How should we interpret the sponsors’ silence? Do they not care that the happenings in the Tennessee athletics department could reflect negatively on them? Or, do the sponsors have confidence that UT athletics director Mike Hamilton will effectively manage the situation and maintain the integrity of the Vols brand name? In either case, it is very important that Tennessee athletics proactively manage the program’s image. The action taken (or lack of action taken) sends signals to different stakeholder groups about the brand. For the sake of the fans of the Big Orange as well as corporate partners, the signal that needs to be sent loud and clear is that leadership will take whatever steps necessary to portray Tennessee positively.
Advertising aired during the Super Bowl each year creates nearly as much excitement as the big game itself. Why not? It is an event in which 90 million or more viewers are tuned in, and the lore of Super Bowl commercials makes viewers more receptive to commercials than they are the other 364 days of the year. The popularity of the Super Bowl has driven up the price for a 30-second spot to the point that this year’s game will cost advertisers $3 million.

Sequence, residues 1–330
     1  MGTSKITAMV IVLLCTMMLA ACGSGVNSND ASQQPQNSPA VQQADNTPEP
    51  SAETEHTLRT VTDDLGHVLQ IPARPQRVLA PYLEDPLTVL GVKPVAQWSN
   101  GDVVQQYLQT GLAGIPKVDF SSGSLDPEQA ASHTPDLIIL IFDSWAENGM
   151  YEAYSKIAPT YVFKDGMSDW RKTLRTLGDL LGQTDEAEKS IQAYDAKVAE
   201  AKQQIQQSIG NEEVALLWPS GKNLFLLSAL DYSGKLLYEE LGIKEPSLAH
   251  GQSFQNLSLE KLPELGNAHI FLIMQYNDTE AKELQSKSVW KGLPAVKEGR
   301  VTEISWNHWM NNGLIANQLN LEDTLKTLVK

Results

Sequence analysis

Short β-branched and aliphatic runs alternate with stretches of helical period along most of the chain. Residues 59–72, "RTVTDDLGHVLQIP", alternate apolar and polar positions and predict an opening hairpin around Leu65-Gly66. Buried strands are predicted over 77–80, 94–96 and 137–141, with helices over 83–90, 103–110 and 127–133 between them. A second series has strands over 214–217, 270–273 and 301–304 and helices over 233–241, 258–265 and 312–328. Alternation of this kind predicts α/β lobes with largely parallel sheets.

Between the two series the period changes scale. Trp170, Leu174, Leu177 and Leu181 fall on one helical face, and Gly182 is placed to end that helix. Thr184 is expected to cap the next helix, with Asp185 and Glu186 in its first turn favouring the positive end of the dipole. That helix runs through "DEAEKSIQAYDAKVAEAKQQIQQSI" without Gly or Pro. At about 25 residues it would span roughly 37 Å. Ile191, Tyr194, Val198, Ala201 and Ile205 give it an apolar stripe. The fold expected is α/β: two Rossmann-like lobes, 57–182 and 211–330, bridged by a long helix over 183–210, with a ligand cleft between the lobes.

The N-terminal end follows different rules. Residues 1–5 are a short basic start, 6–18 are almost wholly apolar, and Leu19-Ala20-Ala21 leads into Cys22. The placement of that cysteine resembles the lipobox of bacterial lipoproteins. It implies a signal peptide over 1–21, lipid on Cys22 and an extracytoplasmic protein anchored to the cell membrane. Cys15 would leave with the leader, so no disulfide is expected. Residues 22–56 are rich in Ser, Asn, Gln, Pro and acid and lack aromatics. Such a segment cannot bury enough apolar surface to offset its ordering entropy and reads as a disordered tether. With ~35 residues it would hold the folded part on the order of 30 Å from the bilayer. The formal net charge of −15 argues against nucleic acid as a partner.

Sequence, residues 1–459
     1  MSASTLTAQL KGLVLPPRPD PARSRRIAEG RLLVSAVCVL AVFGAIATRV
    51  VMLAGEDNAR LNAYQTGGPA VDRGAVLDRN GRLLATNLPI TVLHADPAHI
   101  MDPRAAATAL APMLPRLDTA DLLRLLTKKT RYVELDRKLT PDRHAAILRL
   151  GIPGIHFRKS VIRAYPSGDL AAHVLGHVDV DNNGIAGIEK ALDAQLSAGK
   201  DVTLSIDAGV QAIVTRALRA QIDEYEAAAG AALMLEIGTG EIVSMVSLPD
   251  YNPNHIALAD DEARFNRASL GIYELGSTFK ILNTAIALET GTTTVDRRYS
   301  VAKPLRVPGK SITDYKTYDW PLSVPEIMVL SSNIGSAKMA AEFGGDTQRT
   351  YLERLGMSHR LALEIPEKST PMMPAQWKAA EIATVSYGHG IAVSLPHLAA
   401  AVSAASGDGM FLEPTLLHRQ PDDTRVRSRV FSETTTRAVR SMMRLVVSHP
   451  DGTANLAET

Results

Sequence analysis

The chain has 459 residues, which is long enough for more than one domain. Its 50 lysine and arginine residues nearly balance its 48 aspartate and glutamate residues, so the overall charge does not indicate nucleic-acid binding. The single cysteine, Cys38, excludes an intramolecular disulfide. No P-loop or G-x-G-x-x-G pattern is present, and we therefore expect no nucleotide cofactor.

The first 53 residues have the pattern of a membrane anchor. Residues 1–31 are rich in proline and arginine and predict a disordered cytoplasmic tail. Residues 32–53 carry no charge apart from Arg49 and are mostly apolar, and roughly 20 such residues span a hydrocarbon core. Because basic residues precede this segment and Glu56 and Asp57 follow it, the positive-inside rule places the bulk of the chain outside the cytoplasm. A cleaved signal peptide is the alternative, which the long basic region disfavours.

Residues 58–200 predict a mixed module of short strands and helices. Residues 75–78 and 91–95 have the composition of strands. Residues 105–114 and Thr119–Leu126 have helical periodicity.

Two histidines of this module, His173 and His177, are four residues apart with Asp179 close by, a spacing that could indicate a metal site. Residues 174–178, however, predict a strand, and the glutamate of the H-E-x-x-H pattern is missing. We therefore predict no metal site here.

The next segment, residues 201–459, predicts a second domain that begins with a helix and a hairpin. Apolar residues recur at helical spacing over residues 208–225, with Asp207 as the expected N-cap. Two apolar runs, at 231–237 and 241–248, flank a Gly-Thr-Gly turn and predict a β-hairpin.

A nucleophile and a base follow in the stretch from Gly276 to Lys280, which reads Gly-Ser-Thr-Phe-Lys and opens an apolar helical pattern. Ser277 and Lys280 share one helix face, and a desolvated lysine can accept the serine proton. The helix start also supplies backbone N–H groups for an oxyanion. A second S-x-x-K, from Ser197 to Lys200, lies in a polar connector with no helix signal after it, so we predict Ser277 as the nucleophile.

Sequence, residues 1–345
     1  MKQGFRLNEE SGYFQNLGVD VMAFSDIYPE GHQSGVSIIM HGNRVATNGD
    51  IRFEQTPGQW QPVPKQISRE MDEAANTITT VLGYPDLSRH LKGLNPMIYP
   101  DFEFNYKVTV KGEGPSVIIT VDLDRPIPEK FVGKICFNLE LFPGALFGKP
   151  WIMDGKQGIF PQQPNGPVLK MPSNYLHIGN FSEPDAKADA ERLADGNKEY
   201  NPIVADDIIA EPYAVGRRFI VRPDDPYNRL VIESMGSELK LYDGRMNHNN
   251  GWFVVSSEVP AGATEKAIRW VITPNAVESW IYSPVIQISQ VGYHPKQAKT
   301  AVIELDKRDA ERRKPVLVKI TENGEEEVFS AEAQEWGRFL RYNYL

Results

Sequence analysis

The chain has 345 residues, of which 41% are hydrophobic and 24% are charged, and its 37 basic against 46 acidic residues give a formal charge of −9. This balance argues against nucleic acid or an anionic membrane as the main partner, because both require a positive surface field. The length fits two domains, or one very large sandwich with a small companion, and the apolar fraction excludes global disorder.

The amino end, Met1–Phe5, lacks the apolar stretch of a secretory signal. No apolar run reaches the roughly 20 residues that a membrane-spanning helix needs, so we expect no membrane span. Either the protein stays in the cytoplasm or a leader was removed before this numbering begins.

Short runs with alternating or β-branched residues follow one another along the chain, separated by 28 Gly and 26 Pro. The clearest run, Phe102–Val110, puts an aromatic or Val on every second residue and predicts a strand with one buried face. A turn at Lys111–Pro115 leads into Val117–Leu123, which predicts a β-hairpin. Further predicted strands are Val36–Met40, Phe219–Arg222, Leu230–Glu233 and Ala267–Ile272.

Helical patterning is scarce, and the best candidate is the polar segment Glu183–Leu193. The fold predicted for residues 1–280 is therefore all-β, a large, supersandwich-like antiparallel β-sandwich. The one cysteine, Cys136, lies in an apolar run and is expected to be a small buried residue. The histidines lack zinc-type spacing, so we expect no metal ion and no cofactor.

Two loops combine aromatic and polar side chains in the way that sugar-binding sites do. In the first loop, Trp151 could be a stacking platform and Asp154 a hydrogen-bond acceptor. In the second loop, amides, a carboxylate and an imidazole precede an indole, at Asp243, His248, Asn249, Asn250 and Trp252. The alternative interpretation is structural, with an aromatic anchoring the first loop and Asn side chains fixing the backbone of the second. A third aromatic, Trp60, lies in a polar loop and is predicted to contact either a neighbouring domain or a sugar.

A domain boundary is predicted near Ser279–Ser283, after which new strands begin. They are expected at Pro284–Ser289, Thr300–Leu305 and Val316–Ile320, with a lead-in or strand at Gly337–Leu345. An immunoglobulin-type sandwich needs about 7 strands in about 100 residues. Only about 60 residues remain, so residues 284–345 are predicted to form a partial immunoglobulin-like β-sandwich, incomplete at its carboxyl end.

The Super Bowl is as popular as ever, but Super Bowl advertising may be another story. Some longtime advertisers have opted not buy spots this year. Most notable is Pepsi, which announced its intention to focus on a cause-related initiative, The Pepsi Refresh Project. FedEx, another veteran Super Bowl marketer, has indicated that it, too, will not buy commercial time. Escalating ad rates have led Pepsi and FedEx to question whether a Super Bowl ad buy is the best use of resources. Evidently, the answer was “no.”
The Super Bowl is a marquee event, but in today’s highly connected world there are many options for reaching and engaging audiences. The decisions by Pepsi and FedEx in no way suggest that marketing through sports is losing its power or appeal. These companies have audiences to reach beyond what the Super Bowl can deliver. Super Bowl ad sales remain strong as more than 90% of the spots are sold already. Given that we are in the early stages of emerging from a recession, that figure is impressive. Super Bowl advertisers come and go; it would not be surprising to see Pepsi or FedEx step off the sidelines in the future and advertise during the Super Bowl again.